Driving The New Dodge Charger
Dan Lienert / Forbes
Chrysler has been on a roll.
Dan Lienert / Forbes
Chrysler has been on a roll.
Two of the new cars in its stable, the Chrysler 300 and the Dodge Magnum, have been huge hits. Dodge has sold 65,760 Magnums in America since it introduced the wagon last May, and Chrysler has sold 169,867 of its overhauled 300 sedans since April 2004, the model's first full month of availability. Both vehicles are helping parent company DaimlerChrysler (nyse: DCX - news - people ) turn a profit. Now Daimler is hoping that a resurrected, storied nameplate, the Dodge Charger, will continue to add luster, and dollars, to the revitalized automaker.
Unlike the 300 and the Magnum, however, to many old fans of the previous incarnation, which last appeared in showrooms 27 years ago, the new Charger is a bit of a disappointment. In place of the growling, two-door muscle car of yore is a four-door family car with--gasp--an automatic transmission. In a discussion forum at AutoWeek magazine's Web site, one person's message gets right to the point: "Chargers don't have four doors."
Down the page a bit is a similar sentiment: "Why sell a souped-up four-door with a name [that] had no history with four-doors? Here's a thought: how about a four-door Ferrari sedan? Get my point?"
Yikes. Fortunately for Dodge, such musings may be like those of people who tried to save old baseball stadiums such as Comiskey Park and Tiger Stadium: traditionalist hot air that is opposed to progress and modernization.
Yes, the old Charger was one of the most sinister of all the classic Detroit muscle cars--and many moviegoers will get to see the General Lee, arguably the most famous Charger of all time, rip up the road in The Dukes of Hazzard--but the new Charger could be a success in another way: financially. The Charger is a high-volume car headed for high-volume dealers who are hungry to sell it for three reasons: (1) the Magnum needs a sedan companion, (2) the other Dodge sedans--the Neon and the Stratus--aren't exactly the hottest cars on the market and (3) Dodge needs a full-size sedan to compete with cars such as Ford Motor's (nyse: F - news - people ) Crown Victoria.
Daimler is building the Charger at its factory in Brampton, Ontario, alongside the 300 and the Magnum. The company invested $125 million to prepare the plant for Charger production, but we expect the Charger will be a success, and its profits will more than make up for the investment.
Despite the disappointment of nostalgic auto enthusiasts, it is a good bet that the Charger will succeed because it's a good car and it looks good, and that should be enough to win new fans. General Motors (nyse: GM - news - people ) has recently tried cashing in on a nostalgic nameplate with the resurrection of the Pontiac GTO--with limited success. The GTO, with its 400-horsepower V-8 engine, has performance credibility going for it but not much else--certainly not racy styling. With only 5,465 U.S. sales in the first five months of 2005, it is Pontiac's lowest-selling passenger car by far--and that's counting the Sunfire and Bonneville, which are headed for discontinuation.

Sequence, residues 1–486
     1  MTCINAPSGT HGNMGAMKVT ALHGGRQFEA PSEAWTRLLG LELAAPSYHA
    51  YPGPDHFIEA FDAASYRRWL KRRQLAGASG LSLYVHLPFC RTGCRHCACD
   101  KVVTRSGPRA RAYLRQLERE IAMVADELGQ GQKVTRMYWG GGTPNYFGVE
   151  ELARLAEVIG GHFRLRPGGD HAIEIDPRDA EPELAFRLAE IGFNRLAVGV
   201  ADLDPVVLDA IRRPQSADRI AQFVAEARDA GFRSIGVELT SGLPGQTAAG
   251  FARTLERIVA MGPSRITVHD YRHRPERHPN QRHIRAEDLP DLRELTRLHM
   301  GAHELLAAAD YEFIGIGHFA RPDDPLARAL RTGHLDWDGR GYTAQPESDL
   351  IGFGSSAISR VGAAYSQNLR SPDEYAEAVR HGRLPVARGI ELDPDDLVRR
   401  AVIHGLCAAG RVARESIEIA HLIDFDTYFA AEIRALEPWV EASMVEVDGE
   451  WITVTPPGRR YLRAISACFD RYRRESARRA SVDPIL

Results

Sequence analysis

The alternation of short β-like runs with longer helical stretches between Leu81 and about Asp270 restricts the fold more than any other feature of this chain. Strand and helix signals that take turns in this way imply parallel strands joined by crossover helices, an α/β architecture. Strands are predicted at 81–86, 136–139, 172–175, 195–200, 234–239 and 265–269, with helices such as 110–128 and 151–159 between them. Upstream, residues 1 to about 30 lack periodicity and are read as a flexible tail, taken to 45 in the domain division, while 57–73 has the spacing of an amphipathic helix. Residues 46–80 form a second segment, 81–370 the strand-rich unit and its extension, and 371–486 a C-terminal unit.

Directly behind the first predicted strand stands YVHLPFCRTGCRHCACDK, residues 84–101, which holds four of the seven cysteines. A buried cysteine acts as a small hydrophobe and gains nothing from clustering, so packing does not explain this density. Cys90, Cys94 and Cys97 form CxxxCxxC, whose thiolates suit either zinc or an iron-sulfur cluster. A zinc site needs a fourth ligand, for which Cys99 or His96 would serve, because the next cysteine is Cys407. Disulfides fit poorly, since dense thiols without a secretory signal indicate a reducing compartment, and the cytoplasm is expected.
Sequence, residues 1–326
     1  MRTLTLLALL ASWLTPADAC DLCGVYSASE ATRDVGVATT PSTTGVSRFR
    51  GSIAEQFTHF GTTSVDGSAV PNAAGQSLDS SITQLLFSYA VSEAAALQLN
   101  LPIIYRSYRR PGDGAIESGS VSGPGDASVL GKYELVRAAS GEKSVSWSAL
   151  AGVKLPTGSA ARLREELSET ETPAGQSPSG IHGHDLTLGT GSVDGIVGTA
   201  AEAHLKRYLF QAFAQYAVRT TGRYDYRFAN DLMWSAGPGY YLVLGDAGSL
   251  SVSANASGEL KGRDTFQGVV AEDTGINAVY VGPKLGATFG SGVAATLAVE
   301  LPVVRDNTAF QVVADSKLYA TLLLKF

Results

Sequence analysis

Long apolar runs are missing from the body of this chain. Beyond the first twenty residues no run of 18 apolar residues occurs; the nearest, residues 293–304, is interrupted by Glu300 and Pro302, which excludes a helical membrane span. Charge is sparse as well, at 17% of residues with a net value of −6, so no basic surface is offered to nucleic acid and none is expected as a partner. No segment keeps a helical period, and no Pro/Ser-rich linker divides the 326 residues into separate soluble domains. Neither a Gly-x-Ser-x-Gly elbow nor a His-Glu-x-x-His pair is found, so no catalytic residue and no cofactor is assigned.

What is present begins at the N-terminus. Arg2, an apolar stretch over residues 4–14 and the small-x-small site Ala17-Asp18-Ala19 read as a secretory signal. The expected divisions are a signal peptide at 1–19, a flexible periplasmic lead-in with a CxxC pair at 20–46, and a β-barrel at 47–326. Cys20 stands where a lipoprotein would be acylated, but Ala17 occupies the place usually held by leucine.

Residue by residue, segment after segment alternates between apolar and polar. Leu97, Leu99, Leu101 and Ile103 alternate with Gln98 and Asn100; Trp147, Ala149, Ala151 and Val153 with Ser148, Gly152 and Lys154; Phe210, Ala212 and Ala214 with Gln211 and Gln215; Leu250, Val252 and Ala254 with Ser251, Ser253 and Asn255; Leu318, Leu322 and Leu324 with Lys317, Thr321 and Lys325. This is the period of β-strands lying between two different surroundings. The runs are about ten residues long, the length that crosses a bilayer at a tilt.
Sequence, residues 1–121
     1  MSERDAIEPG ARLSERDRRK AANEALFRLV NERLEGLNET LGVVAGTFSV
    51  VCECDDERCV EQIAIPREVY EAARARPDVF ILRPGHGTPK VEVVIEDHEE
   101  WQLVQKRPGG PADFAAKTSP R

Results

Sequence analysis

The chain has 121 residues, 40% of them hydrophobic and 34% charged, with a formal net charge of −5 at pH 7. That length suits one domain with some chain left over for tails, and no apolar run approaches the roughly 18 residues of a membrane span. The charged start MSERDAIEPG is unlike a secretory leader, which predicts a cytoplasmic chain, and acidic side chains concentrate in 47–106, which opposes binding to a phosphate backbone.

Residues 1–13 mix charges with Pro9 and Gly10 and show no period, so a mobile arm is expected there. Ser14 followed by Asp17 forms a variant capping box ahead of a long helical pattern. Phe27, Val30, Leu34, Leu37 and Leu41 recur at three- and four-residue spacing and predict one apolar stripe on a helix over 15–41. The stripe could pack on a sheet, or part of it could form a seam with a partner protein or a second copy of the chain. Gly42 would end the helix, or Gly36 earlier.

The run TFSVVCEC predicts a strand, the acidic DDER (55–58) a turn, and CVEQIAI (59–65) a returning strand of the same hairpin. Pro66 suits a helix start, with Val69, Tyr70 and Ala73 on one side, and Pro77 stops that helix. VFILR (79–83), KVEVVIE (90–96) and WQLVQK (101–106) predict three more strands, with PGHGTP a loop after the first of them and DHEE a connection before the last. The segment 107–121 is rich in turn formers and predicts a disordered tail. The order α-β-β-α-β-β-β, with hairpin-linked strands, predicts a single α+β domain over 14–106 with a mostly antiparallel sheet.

The Charger, on the other hand, has performance, looks and practicality going for it. Best of all, it has ho-hum competitors such as the Ford Five Hundred sedan, whose V-6 engine has 137 fewer hp than the Charger's Hemi V-8.
Another reason the Charger is poised for financial success is that many if not most of its sales are likely to be of high-end models, which translate into high revenue. The Chrysler 300, a vehicle that is very similar to the Charger, has sales patterns that suggest customers are willing to complement its sexy styling with upscale options. The 300 starts in the low $20,000's, but customers tend to prefer it fully loaded--at which point the car is closer to $40,000. (The entry-level Charger starts at $22,995, including destination charges; the Hemi-powered Charger R/T that we tested starts at $29,995.)
Charger demographics could be similar to those of the Chrysler--plus, the car has an advantage. While the 300 was not a storied name to begin with, the Charger is. Even though the Charger has been out of production for decades, Dodge says 70% of U.S. car buyers are still aware of the name and correctly associate it with the Dodge brand.
All of this is great news for Dodge, which would love to have a popular passenger car on its hands, given that the Neon and Stratus are pretty passé at this point, to say the least. One reason Dodge wants this kind of new vehicle is it has become such a truck-heavy brand that people forget it sells cars. Dodge says it holds an 18% American market share in trucks but only a 5% share of the passenger car market.
Perhaps the biggest hurdle the Charger faces is, ironically, an overdose of testosterone. It may no longer be a muscle car, but this is every inch a guy's car, and Dodge sells mainly to men. According to recent Kelley Blue Book data, Dodge is the most masculine brand on the market; 85% of people who register new Dodges in America are men.
Can a car be a runaway success without the support of women? Dodge expects 65% of Charger buyers will be men, which may be an underestimate considering how few women register Dodges in general. Media literature for the Charger says the vehicle is aimed at "trendsetting, young, affluent males with incomes ranging from $65,000 to $90,000," and with a median age of 46.
But lest these males worry that the Charger isn't muscular enough, later this year Dodge will introduce a Charger powered by a 6.1-liter, 425-hp Hemi. Of course, this is great news to driving enthusiasts, such as the people who edit this section. We had a great time in the Charger, even if its interior is not the most luxurious or sophisticated out there. For driving impressions and more information, please follow the link below.